WILKERSON: He represents a group that I think is taking the Republican Party like a group of lemmings over the cliff. You can say, as one congressman did who served with him for a long time—asked me out to lunch himself one day, and I’d never met him before, and he was from a state that I don’t have much knowledge of, so I couldn’t figure out why he was asking me to lunch. He wanted to talk to me about Dick Cheney. He wanted to tell me that Dick Cheney had always been what I thought Dick Cheney was as vice president; it was just that he had been kept from exhibiting it completely. And he based this on his experience with him in the Congress for several years when he was serving with him. And I said—to this congressman I said, well, why are you telling me this? And he said, because I’m trying to convince you that Dick Cheney’s a dangerous person. And I think that’s true about this particular segment of my party. My father used to put it this way—my father was a lifelong Republican. My father would say, “You know, you need to be more leery of the far right than the far left. The far left will bankrupt you. You can recover. The far right will kill you.” And that’s what I’m talking about. There is this strand in my party, there is this strand that finds its his home in my party right now that—it’ll kill you.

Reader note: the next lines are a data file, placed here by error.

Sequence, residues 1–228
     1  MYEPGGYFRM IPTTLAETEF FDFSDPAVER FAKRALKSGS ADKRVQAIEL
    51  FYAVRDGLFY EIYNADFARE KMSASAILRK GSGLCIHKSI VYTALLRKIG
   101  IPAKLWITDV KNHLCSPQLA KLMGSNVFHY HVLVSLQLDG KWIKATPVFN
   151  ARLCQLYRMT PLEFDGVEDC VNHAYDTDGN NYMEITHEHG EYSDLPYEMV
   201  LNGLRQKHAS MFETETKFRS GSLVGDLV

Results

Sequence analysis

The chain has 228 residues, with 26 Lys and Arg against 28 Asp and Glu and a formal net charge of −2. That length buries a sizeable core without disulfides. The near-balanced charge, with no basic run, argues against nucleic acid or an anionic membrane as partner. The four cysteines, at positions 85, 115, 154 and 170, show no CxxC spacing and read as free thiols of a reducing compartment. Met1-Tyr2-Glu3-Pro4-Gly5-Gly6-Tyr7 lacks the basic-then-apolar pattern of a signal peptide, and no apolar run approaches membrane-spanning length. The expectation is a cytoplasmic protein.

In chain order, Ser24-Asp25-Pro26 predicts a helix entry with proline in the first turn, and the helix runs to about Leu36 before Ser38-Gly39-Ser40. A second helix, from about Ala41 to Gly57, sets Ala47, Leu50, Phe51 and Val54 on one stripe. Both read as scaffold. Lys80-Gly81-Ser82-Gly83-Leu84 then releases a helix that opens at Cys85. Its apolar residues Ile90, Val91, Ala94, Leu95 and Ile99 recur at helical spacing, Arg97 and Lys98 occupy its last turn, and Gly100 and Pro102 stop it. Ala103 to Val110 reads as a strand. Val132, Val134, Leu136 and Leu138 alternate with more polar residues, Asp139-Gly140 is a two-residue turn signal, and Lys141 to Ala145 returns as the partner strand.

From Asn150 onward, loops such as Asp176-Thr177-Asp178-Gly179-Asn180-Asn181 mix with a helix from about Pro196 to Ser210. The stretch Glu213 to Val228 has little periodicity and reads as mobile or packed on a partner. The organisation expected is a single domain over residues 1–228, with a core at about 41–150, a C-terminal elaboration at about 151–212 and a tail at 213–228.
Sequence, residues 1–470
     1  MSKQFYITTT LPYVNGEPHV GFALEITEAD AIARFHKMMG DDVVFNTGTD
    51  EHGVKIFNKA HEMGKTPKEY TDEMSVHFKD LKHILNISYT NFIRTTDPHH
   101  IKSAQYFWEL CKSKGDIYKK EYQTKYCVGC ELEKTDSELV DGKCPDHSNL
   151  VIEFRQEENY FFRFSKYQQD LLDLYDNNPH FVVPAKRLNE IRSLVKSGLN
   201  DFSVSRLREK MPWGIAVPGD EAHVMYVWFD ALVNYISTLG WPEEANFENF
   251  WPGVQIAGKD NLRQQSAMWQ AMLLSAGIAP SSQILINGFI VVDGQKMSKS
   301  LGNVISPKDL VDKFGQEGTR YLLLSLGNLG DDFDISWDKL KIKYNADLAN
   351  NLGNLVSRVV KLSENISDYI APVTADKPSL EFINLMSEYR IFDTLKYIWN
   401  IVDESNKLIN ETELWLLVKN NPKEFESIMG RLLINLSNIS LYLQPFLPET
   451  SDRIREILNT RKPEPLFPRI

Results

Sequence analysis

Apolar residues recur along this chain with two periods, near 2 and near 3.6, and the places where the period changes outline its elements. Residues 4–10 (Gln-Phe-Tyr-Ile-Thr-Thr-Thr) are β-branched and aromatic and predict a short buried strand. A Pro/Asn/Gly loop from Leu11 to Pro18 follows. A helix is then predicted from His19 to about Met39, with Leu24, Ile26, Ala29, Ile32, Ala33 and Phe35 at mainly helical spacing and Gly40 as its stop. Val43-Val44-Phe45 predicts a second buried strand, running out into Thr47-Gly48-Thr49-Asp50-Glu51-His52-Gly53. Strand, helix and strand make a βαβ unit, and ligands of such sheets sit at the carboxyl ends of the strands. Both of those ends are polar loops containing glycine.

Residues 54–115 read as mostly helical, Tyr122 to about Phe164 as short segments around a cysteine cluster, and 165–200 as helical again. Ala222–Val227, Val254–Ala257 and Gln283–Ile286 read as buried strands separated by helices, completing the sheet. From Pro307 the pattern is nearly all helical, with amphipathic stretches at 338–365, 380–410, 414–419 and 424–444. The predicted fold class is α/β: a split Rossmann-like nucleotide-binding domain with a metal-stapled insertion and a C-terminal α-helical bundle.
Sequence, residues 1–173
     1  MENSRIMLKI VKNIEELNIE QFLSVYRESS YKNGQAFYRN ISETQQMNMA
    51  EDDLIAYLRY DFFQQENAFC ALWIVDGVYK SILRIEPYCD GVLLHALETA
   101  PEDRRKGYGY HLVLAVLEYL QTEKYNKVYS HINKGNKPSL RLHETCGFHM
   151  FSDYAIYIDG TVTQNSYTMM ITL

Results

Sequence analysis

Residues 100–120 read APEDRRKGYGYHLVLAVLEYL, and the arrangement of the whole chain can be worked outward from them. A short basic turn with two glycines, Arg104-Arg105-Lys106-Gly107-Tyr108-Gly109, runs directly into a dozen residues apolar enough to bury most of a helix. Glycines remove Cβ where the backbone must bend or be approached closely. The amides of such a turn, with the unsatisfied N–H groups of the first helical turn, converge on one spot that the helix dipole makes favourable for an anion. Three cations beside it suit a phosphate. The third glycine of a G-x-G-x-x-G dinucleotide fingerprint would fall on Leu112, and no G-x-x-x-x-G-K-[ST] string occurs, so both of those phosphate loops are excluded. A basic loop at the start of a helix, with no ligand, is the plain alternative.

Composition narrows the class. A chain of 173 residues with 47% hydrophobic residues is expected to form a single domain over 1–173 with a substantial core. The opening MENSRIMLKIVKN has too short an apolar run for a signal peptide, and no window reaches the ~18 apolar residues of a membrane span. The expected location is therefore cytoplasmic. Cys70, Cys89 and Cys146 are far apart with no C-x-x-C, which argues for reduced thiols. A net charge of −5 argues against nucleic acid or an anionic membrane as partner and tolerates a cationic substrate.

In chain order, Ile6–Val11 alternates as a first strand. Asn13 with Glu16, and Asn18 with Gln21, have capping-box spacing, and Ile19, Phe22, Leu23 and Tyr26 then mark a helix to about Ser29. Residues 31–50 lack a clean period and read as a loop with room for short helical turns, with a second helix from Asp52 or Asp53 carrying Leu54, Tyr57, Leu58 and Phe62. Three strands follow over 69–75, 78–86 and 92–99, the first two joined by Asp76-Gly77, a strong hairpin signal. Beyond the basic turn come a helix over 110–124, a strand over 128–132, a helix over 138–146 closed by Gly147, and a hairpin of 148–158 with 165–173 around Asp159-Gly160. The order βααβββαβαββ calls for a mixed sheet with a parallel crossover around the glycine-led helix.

JAY: Who do you put in that group?